What Johan Cruyff Can Teach Us About Digital Transformation Strategy


The late Dutch soccer great Johan Cruyff was almost as notable for his wry aphorisms as for his on-field wizardry. Of the former, gems include: “Before I make a mistake, I don’t make that mistake,” and, “If I wanted you to understand, I would have explained it better.”

Commenting on the paradox of the game he revolutionized as a player and coach, Cruyff once said, “Playing football is very simple, but playing simple football is the hardest thing there is.” Applied more broadly, Cruyff’s observation is that we tend to overcomplicate things to our detriment.

This insight is relevant to businesses pursuing digital transformation.

As my colleague Jaime Palacios discusses in a new column in Future of Sourcing, the idea of “Digital Transformation” can be intimidating, as it involves advanced technology and dramatic and high-stakes changes. The intuitive assumption is that the process has to be complicated. As a result, businesses often agonize about priorities, objectives, where to start and how to proceed. And rather than actually driving digital innovation and business improvement, they end up in a state of paralysis by analysis. A specific complicating factor is the constraints posed by legacy systems and entrenched process inefficiency.

To break this impasse, Jaime suggests to first of all to keep it simple – rather than endlessly assessing options and scenarios, just get out there and identify business problems and apply digital tools to solve them.

Equally important, you need to make sure that a tactical problem-solving approach is tied to a broader strategy. Otherwise, as Jaime points out, you’ll solve lots of problems, but they won’t be problems that matter.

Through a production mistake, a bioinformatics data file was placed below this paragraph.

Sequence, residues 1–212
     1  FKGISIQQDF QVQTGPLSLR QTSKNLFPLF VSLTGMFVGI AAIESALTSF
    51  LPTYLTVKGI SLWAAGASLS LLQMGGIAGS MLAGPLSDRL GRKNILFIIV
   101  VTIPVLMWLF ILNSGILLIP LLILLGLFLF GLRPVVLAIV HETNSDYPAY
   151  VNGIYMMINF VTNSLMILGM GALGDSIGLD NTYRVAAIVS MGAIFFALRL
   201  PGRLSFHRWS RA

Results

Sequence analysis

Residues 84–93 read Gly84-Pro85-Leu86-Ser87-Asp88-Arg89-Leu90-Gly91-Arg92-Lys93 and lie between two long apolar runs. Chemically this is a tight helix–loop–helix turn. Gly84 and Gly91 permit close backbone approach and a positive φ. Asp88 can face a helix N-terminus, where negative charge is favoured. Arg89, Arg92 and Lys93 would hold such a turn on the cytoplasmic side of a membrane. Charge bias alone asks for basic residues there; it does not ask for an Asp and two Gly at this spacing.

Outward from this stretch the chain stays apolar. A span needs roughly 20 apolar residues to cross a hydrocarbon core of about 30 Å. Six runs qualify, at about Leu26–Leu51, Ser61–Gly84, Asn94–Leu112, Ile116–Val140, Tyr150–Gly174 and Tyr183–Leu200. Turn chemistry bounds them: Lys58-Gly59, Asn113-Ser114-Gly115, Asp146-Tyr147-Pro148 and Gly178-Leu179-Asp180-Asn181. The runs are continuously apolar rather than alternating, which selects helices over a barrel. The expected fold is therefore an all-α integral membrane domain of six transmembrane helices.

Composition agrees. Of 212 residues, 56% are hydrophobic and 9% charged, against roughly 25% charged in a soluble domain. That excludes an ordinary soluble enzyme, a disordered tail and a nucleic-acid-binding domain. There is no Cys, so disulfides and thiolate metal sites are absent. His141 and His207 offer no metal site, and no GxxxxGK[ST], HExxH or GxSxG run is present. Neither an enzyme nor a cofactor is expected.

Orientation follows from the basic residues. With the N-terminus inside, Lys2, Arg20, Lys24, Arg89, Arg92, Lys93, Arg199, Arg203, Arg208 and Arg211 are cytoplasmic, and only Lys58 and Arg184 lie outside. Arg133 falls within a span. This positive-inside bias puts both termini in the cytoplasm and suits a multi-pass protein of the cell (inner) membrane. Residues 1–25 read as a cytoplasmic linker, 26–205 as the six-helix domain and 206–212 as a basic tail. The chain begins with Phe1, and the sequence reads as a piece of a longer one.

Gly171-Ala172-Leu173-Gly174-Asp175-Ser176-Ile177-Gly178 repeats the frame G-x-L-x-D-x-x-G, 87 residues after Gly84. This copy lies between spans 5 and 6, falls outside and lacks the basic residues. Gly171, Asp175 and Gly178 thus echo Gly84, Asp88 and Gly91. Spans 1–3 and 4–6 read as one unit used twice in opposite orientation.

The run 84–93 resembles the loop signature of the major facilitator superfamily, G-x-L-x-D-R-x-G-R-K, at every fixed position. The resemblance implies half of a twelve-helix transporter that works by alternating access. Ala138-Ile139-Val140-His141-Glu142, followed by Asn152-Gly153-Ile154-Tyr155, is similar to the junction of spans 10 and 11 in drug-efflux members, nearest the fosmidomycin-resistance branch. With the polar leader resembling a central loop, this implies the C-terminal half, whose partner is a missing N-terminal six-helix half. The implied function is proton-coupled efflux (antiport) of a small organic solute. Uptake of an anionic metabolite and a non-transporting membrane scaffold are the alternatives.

To get the appropriate tactical/strategic balance and set digital transformation priorities, Jaime suggests focusing on problems that impact the customer experience. In other words, if you’ve identified a problem related to the customer experience, then solving that problem by definition supports the broader strategy.

For example, a service desk that focuses on improving incident resolution is likely spinning its wheels and solving irrelevant problems. Meanwhile, an initiative that analyzes service desk issues to identify and eradicate the source of those issues is strategic.

Jaime also defines three ways to drive a customer-centric strategy of digital transformation – one that moves the needle through tactical steps and measurable outcomes, while at the same time advancing towards a long-term vision.

To summarize:

  • Put yourself in the customer’s shoes. Every business says their customers come first. But the internal dynamics of organizations can distract businesses from focusing on what’s actually important to the customer, making it difficult to identify the problems that matter. Stepping back can help provide an objective perspective.
  • Use data to gain insight into customer issues. Another obvious one, but the point is that data-based insight doesn’t necessarily require complex analytics. Simply ask your customers what they need.
  • Leverage executive leadership. While everyone agrees that boardroom support is essential to a digital transformation program, execution is often a challenge, largely because different stakeholders have different views on what the program entails. Making it about the customer can facilitate consensus and get everyone on the same page.